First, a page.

Authored by Simon White, Bloomberg macro strategist,
The likelihood of significant fiscal and monetary stimulus in China has risen sharply as the country strives to avoid a Japan-like debt-deflation trap.
Beaten-up equities are poised to benefit disproportionately from a substantial boost to excess liquidity.
It is often darkest before dawn. After a slew of dismal economic data, China’s room for maneuver is narrowing. Decisive stimulus is increasingly likely to prevent the economy from protracted stagnation or a deep recession.
Stimulus is required on three fronts:
1) to salvage the property market and thus avert a debt-deflation;
2) to boost consumption; and
3) to increase investment.
A combination of both monetary and fiscal stimulus is likely, with the emphasis on the latter.
As is often the case when China goes through a rocky patch, there is a growing chorus of those who believe a bust is imminent. While that may be the ultimate outcome, China still has a few stimulus hands to play to keep the game alive.
Equities are poised to benefit as rock-bottom sentiment combines with buoyant excess liquidity, likely to be boosted yet further by stimulus of increased intensity.
No country wants to experience the fate of Japan. Its property bust in the 1990s triggered a debt-deflation: an unenviable situation when the value of assets and the income from those assets fall in relation to the value of liabilities. Debt becomes increasingly difficult to service and pay back, leading to lower consumption and investment, entrenched deflation and derisory growth.
Policy makers in China do not want to repeat Japan’s mistakes.
Local governments are indebted to the tune of almost $8 trillion, or ~45% of GDP, according to JP Morgan, much of it collateralized by land values. This was similar to the dynamic faced by Japan, where land values - which had been the focus of rampant speculation - collapsed, forcing corporates and banks to retrench and focus on repairing their balance sheets, causing demand and investment to crater.
The property market in China remains on its knees. House prices overall are barely rising on an annual basis, while prices in tier-1 cities are contracting. Growth in real estate transactions has slumped from 20% year-on-year to 12% and continues to fall; mortgage demand is very weak; while floor-space-started of new houses is falling at a 26% annual rate.
On top of that, property developers remain in dire straits, with Country Garden the latest that may have to default on its debt. High-yield real estate debt in China is back near its lows, at about 20 cents in the dollar.
China has introduced a raft of property-easing measures in recent months, to little avail so far.
But the specter of Japan ensures that even more potent property stimulus is on the way as policy makers determinedly head off a debt-deflation.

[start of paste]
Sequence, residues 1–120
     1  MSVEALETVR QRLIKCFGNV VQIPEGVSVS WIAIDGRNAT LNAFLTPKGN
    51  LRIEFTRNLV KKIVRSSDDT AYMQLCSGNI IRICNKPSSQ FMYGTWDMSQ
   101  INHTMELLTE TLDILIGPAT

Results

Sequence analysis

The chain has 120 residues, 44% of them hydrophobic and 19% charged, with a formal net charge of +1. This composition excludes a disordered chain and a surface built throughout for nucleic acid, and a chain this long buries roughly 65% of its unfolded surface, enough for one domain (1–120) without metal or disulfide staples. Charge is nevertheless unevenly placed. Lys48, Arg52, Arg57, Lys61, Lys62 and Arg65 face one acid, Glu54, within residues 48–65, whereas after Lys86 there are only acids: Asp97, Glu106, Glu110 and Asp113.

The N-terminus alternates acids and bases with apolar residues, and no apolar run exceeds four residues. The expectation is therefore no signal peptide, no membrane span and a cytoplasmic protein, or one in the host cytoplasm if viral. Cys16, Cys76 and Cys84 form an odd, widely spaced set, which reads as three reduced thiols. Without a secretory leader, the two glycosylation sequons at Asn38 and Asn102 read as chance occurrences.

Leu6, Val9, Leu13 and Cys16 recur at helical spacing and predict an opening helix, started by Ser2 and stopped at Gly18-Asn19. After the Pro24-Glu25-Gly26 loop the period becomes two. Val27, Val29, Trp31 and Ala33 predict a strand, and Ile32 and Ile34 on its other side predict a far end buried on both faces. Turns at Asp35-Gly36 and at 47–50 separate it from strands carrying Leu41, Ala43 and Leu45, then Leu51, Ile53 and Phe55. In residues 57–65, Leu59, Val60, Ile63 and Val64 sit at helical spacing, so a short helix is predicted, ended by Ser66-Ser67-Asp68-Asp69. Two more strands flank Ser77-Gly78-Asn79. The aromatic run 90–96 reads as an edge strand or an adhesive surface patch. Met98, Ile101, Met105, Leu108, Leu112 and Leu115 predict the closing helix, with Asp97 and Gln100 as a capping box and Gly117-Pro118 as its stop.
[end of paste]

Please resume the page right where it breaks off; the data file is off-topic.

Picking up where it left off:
It won’t be enough, though, to restore China’s economic fortunes.
Further stimulus will be needed to boost consumption and investment.
Here we are likely to see fiscal as well as monetary measures.
First, the central government in China still has plenty of scope to borrow. Its debt-to-GDP ratio sits at 51%, low by international standards. Local governments and their financing vehicles account for another ~45% of GDP but, as mentioned above, averting a debt-deflation will go a long way to stabilizing the dynamics here.
Rising fiscal stimulus could be used for infrastructure investment - much of which is now unproductive, but would nonetheless give a medium-term fillip to growth.
Fiscal spending could also be used to boost consumption. It was badly hobbled in the pandemic. Policies in China during lockdowns were aimed at supporting the export-orientated SOE sector at the expense of the household sector. As a result, the latter’s share of income fell from already low levels, capping domestic demand and condemning the economy to increasingly anemic growth.
Low consumption also means private investment slows as demand falls, adding to the growth impairment. Reinvigorate consumption, then, and China is more than on its way to restoring higher, better-quality growth (expect announcements like today’s to be increasingly backed up by action).
One way to do that is through increasing the household sector’s share of income. As the economist Michael Pettis has explained, this can be achieved through measures such as reduced taxes, better pensions and subsidized rents, supported by fiscal spending.
The other way is to encourage more consumer borrowing. China has professed a reluctance to allow this after the rapid rise in household debt in the previous decade. But China’s household debt, like its central government’s debt, is also not high relative to its global peers.
A rise in consumer borrowing relies on there being demand for new lending, but China has a history of bank-mandated lending to the corporate sector, so it is not an impossibility the same outcome could be engineered in the household sector too.
Sentiment on the Chinese economy and equities is terrible, but we are seeing some contrarian bottoming signs, such as the Chinese authorities’ request that some funds refrain from net selling stocks. We saw something similar in early 2020, which along with other measures preceded a +60% rally in the market over the next year.
Despite the gloom, China’s day of reckoning is likely not here yet. In which case stocks are poised for explosive moves higher, as the sweet spot of rising stimulus meets an unloved market with cheap valuations.